4.10 Potential of Fungi Used in Traditional Chinese Medicine: Shiitake/Xiang-gu (Lentinula edodes) (contributed by Mohammad Ismail Haji Mokhtar, 2000)


The medicinal value of shiitake is not really well appreciated in Western medicine, though it has a long history as a valuable remedy in traditional Asian medicine. Research on the chemicals present in Lentinula edodes seems to be revealing medical products and it may become a valuable resource in fighting diseases.


Lentinula edodes, also known as shiitake the oak mushroom (in Japanese), and shiang-gu/xiang-gu, the fragrant mushroom (in Chinese), is grown usually on logs of oak outdoors in forests. Environmental manipulation of the crop is achieved by heavy watering, shading or positioning the logs in areas of different microclimate. The cropping period is 3 to 7 years. A more intensive cultivation technique has recently been developed involving growth on synthetic logs made by compressing agricultural wastes, mainly sawdust, into plastic bags. Lentinula edodes is largely produced in Japan, China and South Korea, but commercial cultivation is spreading to other parts of the world. Lentinula edodes accounts for 15% of world production of cultivated mushrooms; the world-wide crop of L. edodes in 2002 has been estimated at 1.8 million tonnes [1].

The shiitake (shi-i-TAK-ke) mushroom (Lentinula edodes) (Fig. 1) is closely related to reishi. "Take" is Japanese for mushroom and "shii" refers to the shii tree (Quercus cuspidata), an oak of central and southern Japan upon which shiitake most often grows. Shiitake is Japan's largest agricultural export and is now the most popular and most cultivated exotic mushroom in the world. In China, shiitake has a history that dates back to the Ming Dynasty (1368-1644 AD) [2]. The mushroom was used not only as a food but was taken as a remedy for upper respiratory diseases, poor blood circulation, liver trouble, exhaustion and weakness, and to boost chi, or life energy. It was also believed to prevent premature aging [3-5].

log-grown shiitake mushrooms
Two successive growth stages of shiitake on artificial (sawdust) log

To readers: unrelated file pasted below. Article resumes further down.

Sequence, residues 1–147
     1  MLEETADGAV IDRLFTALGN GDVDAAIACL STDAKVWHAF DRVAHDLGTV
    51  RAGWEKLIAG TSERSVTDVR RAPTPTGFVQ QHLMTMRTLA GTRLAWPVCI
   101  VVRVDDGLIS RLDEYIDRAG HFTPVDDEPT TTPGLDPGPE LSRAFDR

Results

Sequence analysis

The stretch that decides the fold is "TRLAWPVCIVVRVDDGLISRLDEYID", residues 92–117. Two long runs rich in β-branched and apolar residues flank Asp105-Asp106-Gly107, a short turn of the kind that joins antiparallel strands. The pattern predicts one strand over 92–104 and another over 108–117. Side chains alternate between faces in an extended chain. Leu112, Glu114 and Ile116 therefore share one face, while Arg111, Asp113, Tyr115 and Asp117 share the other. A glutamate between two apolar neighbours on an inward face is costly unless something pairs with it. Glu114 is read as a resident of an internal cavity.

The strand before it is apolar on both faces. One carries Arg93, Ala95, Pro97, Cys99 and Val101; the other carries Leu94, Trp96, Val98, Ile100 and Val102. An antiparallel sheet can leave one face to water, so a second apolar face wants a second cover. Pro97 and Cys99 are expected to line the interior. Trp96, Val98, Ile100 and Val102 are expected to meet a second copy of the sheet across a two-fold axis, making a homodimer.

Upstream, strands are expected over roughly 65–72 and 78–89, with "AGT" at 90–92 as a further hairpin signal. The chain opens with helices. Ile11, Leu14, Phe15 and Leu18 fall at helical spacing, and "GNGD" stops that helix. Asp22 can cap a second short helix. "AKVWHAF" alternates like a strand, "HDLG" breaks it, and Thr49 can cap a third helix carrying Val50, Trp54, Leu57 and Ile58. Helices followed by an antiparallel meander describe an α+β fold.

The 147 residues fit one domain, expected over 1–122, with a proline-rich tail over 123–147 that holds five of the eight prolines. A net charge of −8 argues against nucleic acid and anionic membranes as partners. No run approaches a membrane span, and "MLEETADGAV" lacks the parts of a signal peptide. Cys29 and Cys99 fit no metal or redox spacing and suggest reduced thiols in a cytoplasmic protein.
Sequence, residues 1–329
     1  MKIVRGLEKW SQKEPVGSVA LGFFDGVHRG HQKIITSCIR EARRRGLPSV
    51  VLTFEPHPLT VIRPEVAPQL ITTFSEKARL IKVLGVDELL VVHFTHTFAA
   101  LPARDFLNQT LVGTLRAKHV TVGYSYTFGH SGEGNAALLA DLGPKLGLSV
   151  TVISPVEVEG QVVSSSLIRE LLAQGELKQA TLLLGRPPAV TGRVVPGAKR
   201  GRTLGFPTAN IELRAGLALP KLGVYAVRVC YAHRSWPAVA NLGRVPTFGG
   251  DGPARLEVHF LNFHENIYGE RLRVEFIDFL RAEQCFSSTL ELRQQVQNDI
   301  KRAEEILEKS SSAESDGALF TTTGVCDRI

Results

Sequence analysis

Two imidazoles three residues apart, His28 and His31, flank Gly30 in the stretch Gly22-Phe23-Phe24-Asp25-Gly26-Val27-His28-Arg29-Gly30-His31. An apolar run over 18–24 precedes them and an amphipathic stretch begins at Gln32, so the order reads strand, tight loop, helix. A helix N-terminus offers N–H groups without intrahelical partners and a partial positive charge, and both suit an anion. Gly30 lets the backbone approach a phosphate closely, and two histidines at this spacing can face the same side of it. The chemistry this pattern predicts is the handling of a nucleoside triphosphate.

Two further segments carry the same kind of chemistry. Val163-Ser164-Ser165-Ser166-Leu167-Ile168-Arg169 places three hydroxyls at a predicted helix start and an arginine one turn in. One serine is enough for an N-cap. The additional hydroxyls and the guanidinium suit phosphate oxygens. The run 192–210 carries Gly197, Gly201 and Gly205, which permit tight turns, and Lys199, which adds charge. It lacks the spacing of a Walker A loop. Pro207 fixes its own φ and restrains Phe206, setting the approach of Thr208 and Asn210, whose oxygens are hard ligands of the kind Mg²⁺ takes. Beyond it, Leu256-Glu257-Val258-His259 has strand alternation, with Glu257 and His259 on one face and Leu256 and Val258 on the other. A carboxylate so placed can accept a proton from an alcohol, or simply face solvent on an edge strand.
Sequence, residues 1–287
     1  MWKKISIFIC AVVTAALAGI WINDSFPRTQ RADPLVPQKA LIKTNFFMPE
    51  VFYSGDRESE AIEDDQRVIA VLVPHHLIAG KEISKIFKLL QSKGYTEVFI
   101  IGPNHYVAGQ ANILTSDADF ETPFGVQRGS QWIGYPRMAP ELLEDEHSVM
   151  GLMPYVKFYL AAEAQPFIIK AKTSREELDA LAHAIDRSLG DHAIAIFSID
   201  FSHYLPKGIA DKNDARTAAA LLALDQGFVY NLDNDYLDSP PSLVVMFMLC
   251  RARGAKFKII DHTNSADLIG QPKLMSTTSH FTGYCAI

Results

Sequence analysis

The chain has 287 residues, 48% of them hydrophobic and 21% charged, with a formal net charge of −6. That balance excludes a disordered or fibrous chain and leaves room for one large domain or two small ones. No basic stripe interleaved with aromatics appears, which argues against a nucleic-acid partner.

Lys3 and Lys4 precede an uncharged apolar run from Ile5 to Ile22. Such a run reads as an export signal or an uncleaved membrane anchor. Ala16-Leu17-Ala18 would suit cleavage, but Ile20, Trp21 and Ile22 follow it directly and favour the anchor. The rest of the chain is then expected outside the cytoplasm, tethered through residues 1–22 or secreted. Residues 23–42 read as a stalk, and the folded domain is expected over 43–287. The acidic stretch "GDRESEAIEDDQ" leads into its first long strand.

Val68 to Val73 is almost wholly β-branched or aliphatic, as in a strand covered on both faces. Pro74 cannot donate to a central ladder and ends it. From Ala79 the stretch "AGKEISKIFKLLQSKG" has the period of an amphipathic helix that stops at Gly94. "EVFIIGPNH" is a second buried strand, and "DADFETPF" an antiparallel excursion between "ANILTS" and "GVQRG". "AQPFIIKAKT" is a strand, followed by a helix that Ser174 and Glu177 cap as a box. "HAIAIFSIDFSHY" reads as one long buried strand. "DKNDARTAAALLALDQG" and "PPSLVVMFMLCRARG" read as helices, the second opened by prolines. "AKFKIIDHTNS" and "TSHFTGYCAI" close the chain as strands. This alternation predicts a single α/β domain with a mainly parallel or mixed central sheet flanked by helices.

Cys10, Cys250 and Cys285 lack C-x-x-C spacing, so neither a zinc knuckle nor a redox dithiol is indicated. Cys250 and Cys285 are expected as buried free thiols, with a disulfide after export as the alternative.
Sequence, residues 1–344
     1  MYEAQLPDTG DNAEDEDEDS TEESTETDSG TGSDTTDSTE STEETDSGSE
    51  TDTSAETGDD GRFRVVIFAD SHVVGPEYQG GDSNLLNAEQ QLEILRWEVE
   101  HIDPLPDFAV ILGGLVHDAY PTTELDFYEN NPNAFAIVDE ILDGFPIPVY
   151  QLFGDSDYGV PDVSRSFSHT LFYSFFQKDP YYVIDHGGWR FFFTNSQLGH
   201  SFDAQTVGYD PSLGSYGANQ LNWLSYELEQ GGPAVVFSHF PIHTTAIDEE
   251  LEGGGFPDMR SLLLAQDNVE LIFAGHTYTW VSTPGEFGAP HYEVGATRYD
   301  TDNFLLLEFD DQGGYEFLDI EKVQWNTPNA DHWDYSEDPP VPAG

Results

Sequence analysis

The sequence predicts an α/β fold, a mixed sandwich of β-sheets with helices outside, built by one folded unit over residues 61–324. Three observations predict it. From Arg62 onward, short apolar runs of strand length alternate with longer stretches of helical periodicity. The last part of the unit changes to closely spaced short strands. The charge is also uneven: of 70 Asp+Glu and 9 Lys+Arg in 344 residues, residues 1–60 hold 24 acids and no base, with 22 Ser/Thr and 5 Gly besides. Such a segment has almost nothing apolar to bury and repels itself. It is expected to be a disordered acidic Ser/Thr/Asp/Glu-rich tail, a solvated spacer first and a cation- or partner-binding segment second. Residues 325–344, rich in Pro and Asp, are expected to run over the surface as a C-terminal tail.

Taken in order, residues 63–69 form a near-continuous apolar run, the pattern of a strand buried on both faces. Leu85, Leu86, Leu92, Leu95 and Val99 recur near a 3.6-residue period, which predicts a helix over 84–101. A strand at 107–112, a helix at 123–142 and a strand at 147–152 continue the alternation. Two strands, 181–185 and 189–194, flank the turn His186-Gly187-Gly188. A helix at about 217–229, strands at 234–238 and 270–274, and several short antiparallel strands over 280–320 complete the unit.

Dried shiitake mushrooms
Log-grown shiitake mushrooms (image from Stylehive.com) Two successive growth stages of shiitake on artificial (sawdust) log (image from Wikipedia) Dried shiitake mushrooms (image from made-in-china.com website)
Fig. 1. Shiitake (Lentinula edodes) mushrooms.

Today the shiitake is recognized for its antitumor action and is the most researched mushroom in regard to its immunological activity. The initial antitumor research was performed in 1969 by Tetsuro Ikekawa at Purdue University in West Lafayette, Indiana, along with colleagues at the National Cancer Center Research Institute in Tokyo. The researchers found that water extracts of shiitake and several other mushrooms collected in the wild produced high rates of tumour inhibition in mice (72 to 92%). Ikekawa later identified a polysaccharide in shiitake called lentinan as having powerful antitumor activity [6].

When food tastes really nice you might expect it to contain too much sugar and fat to be healthy; but shiitake is different. This large fleshy mushroom is an exquisite food with a good nutritional profile and many scientifically proven medicinal benefits. Shiitake's delicate flavour adds a gourmet flair to almost any dish. Moreover, essential amino acids are present in a ratio similar to the "ideal protein" for human nutrition. Shiitake is rich in the amino acids leucine and lysine, which are deficient in many grains. Shiitake is also a good source of B vitamins [7]. It is, however, shiitake's medicinal possibilities that are getting worldwide attention. In the last two decades, scientists have isolated substances from shiitake that may play a role in the cure and prevention of heart disease, cancer, and AIDS.

Medicinal value

Claims have been made that shiitake has medicinal value as a cancer preventive and in treatment of: colds and flu; virus infections; hepatitis; incontinence; environmental allergies; diabetes; high blood pressure; immune weakness; high cholesterol; chronic fatigue syndrome; poor blood circulation; upper respiratory diseases; exhaustion and weakness following antitumor treatments; and in alleviating the side effects of chemotherapy.

Part of any positive medicinal effects of shiitake may result from it serving as a dietary supplement, particularly the provision of various amino acids such as isoleucine, leucine, lysine, methionine, phenylalanine, threonine, and valine, as well as vitamins B1, B2, B12 and also mineral salts. Regular intake may prevent rickets, especially in infants, which could be due to a disorder of phosphorus and calcium metabolism caused by vitamin D deficiency. This is because Lentinula edodes contains the provitamin ergosterol, which is not present in much quantity in vegetables, but is converted to vitamin D in presence of sunlight. Vitamin D increases resistance against illnesses and has preventive and curative effects on colds.

Lentinula edodes also contains adenine and choline, which may prevent the occurrence of cirrhosis of the liver as well as vascular sclerosis. Tyrosinase contained in Lentinula edodes tends to lower blood pressure. Two other constituents which have been isolated from Lentinula edodes which tend to reduce serum cholesterol are: C6H11O4N5 and C9H11O3N5, namely [2(R), 3(R)–dihydroxy- 4-(9-adenyl)-butyric acid and 2(R)-hydroxy-4-(9-adenyl)-butyric acid].